Images from a non-relationship
“It comes naturally, the haze. The fog that makes everything pretty… Dinner starts and you don’t know what to say. You fix your eyes on the TV screen where the harsh light that was not there a while ago brings in a new layer of reality. But it’s still night; the dream is still there… He showers you with words and promises of something longer than a night’s dream. But come daylight, reality sets… As the morning light hits, first the curtains, then the ceiling, then his face, I feel the dream start to dissipate.” — from a Keep note, Oct. 30, 2017.
It began and ended two years ago.
We met through a dating app. It was late October and I was at the cinema to catch an evening screening of a local film festival when he sent a text. I could sense his eagerness to meet up but I was tired so I declined. After a few more exchanges the next few days, we finally met up; and when we did, I learned two things about him.
First was that he is married. You do it better than my wife, he mumbled. I thought I misheard him so I asked what he said but he replied, Never mind. It was the morning after when he explained that yes, he is married — but separated. The second thing I learned was that they have a daughter. She’s in the province with her grandparents. She was in third or fourth grade, and like a proud father, he showed me photos from her recent birthday party held in the backyard of their house in the province.
I went to his place that humid October evening expecting something hot and quick and nothing else. But in the course of that night, I witnessed how thoughtful he was. He seemed truly happy seeing me the first time, like we were old friends reuniting after years. He asked me to stay the night after it got too late, then we ordered Chinese takeout. The next morning, I awoke to him getting his keys. I’ll just grab us some breakfast, he said.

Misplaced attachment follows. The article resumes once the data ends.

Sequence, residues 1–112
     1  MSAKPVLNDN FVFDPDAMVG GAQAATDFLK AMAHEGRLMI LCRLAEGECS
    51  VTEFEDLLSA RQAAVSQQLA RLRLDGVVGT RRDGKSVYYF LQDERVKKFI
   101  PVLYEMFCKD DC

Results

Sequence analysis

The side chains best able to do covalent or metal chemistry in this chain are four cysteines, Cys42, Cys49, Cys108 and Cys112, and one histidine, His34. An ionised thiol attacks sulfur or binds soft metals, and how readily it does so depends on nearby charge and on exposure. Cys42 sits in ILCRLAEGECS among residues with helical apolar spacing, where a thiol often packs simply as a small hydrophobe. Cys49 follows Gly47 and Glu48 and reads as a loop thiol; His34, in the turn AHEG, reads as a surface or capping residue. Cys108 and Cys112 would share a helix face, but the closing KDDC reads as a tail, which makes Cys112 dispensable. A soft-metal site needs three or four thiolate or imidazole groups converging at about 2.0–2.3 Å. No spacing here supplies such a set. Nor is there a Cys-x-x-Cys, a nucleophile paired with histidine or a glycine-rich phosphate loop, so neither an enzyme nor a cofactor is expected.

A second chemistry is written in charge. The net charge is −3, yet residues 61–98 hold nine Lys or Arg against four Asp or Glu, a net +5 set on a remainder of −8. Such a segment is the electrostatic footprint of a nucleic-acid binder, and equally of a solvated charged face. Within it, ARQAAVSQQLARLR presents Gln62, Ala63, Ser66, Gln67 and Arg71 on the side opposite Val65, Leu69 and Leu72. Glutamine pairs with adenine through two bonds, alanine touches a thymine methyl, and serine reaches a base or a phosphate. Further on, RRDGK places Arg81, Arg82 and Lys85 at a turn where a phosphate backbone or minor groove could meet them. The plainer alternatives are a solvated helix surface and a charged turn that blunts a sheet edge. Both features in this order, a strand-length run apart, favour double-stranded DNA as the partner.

I would return to his place for several more nights after that. We did not discuss the fact that he has a wife and a daughter, but we did not avoid it either. Everything we did seemed normal, like a matter of course. It was November when we first met elsewhere. I was someplace near his office so we decided to meet up for lunch. I never do this, you know, he told me. Do what, I asked. Go out for lunch during work, he said. And when he did, I felt special. I was twenty, fresh out of college and it all felt grown-up, meeting with a married man for lunch someplace near his office.
We went out again soon after that to catch a screening of a Pixar movie. The theater was packed with fathers and mothers and sons and daughters, but he held my hand as soon as the lights went out, and I laid my head on his shoulder as I teared up during the saddest sequence. We were back at the cinema by December despite him feeling under the weather. He drove me home after, steering the wheel with one hand and holding mine with the other.
I had told him about my January vigils. It started in college when I traveled north on a last minute trip, alone, for a weekend. It has since become a habit to travel north, someplace quiet and cold for a week to celebrate my birthday. Can I come with you, he asked. I was unsure then if he was being sincere. (It was the second of several times during those months that I doubted his sincerity; the first was when he invited me to a party with his friends the morning after our first night, which I dismissed as an attempt at flirting.) We made plans for the trip every time we were together, but it was only when he was sitting next to me on the last bus ride one January night, holding my hand as we drove out of the station, that I believed he was being sincere when he asked if he could come with me.
Once again, the trip felt normal — a matter of course. Unlike the times I was on those vigils alone, all we did was walk and eat and smoke and get intimate. We celebrated my twenty-first birthday with Korean food and lava cake. We mostly stayed inside because it was raining a lot and the ground turned muddy.